Older radio programs are available for free or by paid download through a number of online sources. Many television programs and films have also been made available for free download, or for rent or sale through online distributors. Performing an online search for a particular title will reveal the options available.

Resources such as the Internet Archive (www.archive.org) work to archive a number of media sources. One important role of the Internet Archive is website archiving. Internet archives are invaluable for a study of online media because they store websites that have been deleted or changed. These archives have made it possible for Internet content analyses that would have otherwise been impossible.


Surveys are ubiquitous in modern life. Questionaires record data on anything from political preferences to personal hygiene habits. Media surveys generally take one of the following two forms.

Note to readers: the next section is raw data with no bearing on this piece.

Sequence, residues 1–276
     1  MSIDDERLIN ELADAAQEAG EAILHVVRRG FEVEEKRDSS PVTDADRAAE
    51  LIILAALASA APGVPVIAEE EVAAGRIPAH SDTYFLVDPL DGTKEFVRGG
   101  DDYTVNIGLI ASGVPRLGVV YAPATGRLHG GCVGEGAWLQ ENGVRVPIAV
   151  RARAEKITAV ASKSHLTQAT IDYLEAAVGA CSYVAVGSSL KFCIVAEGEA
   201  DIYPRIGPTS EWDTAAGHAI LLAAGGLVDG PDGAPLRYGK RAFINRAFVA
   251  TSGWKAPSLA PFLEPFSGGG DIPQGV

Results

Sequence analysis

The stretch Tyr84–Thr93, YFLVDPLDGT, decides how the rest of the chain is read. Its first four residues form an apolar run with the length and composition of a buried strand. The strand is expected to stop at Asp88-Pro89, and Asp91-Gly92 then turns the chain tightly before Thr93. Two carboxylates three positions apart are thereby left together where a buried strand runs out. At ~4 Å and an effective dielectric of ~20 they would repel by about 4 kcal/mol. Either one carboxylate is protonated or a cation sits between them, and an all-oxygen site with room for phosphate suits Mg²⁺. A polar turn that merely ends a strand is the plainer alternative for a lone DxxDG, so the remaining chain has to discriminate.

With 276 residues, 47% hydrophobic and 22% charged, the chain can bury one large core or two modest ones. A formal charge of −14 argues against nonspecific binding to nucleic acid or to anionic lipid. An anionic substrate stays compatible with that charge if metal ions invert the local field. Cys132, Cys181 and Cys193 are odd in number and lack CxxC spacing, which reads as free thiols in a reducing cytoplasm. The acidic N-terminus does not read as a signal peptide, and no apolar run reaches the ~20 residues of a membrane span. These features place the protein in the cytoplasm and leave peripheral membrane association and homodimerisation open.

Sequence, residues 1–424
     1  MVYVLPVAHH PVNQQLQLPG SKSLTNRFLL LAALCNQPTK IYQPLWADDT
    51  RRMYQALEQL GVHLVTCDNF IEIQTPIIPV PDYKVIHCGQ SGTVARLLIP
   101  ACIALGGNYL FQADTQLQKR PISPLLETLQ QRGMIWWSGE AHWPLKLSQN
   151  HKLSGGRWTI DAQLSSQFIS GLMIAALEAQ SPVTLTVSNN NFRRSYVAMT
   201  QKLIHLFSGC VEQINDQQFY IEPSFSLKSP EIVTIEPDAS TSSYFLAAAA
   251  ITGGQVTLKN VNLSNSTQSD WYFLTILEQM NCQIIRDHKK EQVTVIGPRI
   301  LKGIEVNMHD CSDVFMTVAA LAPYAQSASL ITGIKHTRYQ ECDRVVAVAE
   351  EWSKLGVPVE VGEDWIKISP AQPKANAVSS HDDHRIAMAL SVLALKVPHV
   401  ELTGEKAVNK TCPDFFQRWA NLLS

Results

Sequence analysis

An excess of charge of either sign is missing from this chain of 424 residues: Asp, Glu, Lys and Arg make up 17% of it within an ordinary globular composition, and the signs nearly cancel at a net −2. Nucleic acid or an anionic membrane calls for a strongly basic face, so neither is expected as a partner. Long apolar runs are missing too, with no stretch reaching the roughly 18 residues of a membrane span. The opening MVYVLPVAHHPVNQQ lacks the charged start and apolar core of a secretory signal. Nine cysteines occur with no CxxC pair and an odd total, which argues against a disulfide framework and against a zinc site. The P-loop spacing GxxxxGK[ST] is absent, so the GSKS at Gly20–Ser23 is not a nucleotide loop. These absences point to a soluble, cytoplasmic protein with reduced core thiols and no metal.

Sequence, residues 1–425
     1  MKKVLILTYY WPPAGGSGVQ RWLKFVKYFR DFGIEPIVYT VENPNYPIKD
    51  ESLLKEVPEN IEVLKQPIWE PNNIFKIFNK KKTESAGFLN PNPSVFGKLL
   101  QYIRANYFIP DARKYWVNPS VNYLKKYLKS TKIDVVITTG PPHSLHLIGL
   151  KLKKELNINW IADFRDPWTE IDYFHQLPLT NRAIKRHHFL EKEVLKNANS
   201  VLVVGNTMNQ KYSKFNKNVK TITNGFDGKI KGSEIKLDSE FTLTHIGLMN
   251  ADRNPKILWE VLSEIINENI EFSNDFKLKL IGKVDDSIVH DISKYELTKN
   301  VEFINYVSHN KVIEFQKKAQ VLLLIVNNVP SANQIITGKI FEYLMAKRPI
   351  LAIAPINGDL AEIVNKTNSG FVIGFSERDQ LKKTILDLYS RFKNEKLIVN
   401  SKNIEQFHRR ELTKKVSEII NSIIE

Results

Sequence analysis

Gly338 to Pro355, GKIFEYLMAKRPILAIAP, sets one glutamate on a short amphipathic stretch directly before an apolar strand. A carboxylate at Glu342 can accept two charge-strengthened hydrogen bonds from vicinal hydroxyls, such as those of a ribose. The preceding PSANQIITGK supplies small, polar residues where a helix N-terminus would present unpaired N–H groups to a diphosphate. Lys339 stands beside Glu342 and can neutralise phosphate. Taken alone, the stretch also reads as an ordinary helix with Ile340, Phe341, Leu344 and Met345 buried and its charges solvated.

A descriptive survey aims to find the current state of things, such as public opinion or consumer preferences. In media, descriptive surveys establish television and radio ratings by finding the number of people who watch or listen to particular programs. An analytical survey, however, does more than simply document a current situation. Instead, it attempts to find out why a particular situation exists. Researchers pose questions or hypotheses about media, and then conduct analytical surveys to answer these questions. Analytical surveys can determine the relationship between different forms of media consumption and the lifestyles and habits of media consumers.

Surveys can employ either open-ended or closed-ended questions. Open-ended questions require the participant to generate answers in their own words, while closed-ended questions force the participant to select an answer from a list. Although open-ended questions allow for a greater variety of answers, the results of closed-ended questions are easier to tabulate. Although surveys are useful in media studies, effective use requires keeping their limitations in mind.

Social Role Analysis